Section Method (as described above) is used to
Total exp ected cos t in the int erval (0, t * ) obtain the value of t ∗
*
ECU (t ) =
Length of the int erval Iteration 1:
(4.2.1) [a1 , b1 ] = [0,10],α = 0.618 , 1 − α = 0.382 ,

The total expected cost in the interval


* λ1 = a1 + (1 − α )(b1 − a1 ) = 3.82 ,
(0, t ) equals the cost of preventative
maintenance plus the cost of failure
μ1 = a1 + α (b1 − a1 ) = 6.18 ,
maintenance, which is given by c1 + c 2 M (t * ) ,
ECU (λ1 ) = 9.523 and ECU ( μ1 ) = 9.697.
where M (t*) is the expected number of failures
in the interval (0, t*). Thus,
Because ECU (λ1 ) < ECU ( μ1 ) the
c1 + c 2 M (t * ) next interval where the optimal solution lies is
ECU (t * ) =
t*
. (4.2.2)
[0, 6.18] .

419
TRUNCATED SKEW LAPLACE PROBABILITY DISTRIBUTION APPLICATION

Iteration 2: Iteration 7:
[a 2, b2 ] = [0,6.18] , λ2 = 2.36 , μ 2 = 3.82 , [a 7, b7 ] = [0.901,1.459 ] , λ7 = 1.114 ,
ECU (λ2 ) = 9.30 , and ECU ( μ 2 ) = 9.523. μ 7 = 1.245 , ECU (λ7 ) = 9.08 , and
Because ECU (λ2 ) < ECU ( μ 2 ) the ECU ( μ 7 ) = 9.09.
next interval where the optimal solution lies is
[0, 3.82] . Because ECU (λ7 ) < ECU ( μ 7 ) the
next interval where the optimal solution lies is
Iteration 3: [0.901, 1.245] .
[a 3, b3 ] = [0,3.82] , λ3 = 1.459 , μ 3 = 2.36 , If the δ level is fixed at 0.5 it can be
ECU (λ3 ) = 9.124 and ECU ( μ 3 ) = 9.30. concluded that the optimum value lies in the
interval [ 0.901, 1.245] and it is given by 1.07.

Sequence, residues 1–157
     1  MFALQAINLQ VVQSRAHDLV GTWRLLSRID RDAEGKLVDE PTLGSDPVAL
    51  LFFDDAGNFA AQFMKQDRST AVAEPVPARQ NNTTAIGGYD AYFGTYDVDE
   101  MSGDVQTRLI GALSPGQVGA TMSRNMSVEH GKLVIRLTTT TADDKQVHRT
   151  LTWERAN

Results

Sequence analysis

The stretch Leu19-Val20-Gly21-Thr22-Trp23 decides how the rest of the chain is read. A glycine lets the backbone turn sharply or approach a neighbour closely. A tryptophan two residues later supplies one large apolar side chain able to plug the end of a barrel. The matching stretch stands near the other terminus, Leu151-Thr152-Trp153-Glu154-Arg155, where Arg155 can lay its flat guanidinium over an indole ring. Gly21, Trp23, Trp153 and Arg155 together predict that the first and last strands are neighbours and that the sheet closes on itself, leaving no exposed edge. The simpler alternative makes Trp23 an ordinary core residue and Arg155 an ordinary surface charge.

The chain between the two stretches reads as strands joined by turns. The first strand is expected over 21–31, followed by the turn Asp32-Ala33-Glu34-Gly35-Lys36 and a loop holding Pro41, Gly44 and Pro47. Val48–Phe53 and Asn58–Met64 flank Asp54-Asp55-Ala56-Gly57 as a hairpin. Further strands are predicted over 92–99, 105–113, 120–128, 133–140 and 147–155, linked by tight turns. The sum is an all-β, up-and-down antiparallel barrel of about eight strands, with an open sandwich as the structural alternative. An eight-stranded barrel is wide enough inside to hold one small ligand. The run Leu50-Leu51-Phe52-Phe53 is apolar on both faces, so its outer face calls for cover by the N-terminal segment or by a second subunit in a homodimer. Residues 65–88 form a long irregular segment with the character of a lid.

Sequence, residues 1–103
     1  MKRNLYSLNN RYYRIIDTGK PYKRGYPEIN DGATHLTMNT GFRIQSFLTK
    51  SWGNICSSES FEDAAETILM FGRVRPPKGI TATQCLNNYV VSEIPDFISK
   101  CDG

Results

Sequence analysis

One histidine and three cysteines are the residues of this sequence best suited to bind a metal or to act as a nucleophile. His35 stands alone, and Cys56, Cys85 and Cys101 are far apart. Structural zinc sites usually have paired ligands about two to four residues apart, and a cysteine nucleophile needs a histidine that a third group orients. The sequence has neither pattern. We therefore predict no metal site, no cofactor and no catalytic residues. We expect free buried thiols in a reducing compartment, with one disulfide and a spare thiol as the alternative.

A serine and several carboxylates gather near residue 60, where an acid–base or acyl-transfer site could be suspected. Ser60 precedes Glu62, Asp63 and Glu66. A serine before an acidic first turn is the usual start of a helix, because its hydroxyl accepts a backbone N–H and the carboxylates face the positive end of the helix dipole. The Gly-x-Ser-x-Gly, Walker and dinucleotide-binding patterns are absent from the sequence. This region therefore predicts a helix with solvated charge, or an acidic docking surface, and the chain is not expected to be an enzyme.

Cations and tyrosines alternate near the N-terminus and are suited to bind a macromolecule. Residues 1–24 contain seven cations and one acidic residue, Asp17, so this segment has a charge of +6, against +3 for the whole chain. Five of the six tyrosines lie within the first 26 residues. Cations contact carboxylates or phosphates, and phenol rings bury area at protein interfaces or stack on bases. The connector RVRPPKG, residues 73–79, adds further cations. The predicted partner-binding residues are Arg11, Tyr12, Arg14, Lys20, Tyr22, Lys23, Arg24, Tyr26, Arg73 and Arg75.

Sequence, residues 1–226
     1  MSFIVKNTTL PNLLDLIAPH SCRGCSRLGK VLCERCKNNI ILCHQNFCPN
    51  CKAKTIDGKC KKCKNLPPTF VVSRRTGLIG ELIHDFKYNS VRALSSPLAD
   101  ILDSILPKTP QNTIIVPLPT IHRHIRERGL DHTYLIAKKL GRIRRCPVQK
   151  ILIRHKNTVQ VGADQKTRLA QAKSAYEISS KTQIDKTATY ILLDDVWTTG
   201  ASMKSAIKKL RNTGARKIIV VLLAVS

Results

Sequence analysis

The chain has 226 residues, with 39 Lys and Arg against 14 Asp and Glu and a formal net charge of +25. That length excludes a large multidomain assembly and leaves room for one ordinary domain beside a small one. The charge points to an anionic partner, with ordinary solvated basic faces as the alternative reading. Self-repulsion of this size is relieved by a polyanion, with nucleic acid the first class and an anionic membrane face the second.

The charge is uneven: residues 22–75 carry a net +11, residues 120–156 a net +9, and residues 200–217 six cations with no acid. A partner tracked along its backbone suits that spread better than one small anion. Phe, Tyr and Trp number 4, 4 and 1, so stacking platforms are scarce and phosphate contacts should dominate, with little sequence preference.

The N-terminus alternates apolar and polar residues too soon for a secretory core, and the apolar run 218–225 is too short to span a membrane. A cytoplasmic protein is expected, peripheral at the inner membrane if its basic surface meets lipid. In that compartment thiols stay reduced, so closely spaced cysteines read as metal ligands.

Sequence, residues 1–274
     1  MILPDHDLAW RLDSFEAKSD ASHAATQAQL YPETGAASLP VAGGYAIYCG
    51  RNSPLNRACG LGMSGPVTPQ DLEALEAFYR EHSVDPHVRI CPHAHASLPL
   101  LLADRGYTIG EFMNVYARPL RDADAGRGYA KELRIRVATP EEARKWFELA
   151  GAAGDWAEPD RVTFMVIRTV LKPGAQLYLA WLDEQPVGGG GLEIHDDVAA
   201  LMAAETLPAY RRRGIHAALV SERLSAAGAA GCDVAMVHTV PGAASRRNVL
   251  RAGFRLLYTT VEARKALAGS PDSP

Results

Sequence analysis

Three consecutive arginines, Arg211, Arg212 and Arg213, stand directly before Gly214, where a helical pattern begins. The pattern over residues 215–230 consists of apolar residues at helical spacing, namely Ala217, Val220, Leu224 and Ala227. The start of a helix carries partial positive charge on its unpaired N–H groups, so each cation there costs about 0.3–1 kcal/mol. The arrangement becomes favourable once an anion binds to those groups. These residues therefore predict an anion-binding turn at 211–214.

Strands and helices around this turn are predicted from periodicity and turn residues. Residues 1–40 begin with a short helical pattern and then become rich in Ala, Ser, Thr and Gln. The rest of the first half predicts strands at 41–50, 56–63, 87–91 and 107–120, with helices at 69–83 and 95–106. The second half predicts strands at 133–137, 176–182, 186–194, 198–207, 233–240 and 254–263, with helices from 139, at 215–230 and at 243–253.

Because ECU (λ3 ) < ECU ( μ 3 ) the As in the case of age replacement in this
next interval where the optimal solution lies is numerical example it was assumed that the
[0, 2.36] . failure data follows TSL (1,1) model. Observe
that, in order to optimize the cost, maintenance
must be scheduled at every 1.07 units of time.
Iteration 4:
[a 4, b4 ] = [0,2.36] , λ4 = 0.901, μ 4 = 1.459 , Maintenance Over a Finite Time Span
ECU (λ4 ) = 9.102 and ECU ( μ 4 ) = 9.124. The problem concerning the preventive
maintenance over a finite time span is of great
importance in industry. It can be viewed in two
Because ECU (λ4 ) < ECU ( μ 4 ) the
different perspectives based on whether the total
next interval where the optimal solution lies is number of replacements (failure + planned)
[0, 1.459] . times are known or unknown. The first case is
straightforward and has been addressed in the
Iteration 5: literature for a long time. Barlow et al. (1962)
[a 5, b5 ] = [0,1.459 ] , λ5 = 0.557 , μ5 = 0.901, derived the expression for this case. Let T ∗
represent the total time span, meaning
ECU (λ5 ) = 9.405 and ECU ( μ 5 ) = 9.124. minimization of the cost due to forced
replacement or planned replacement until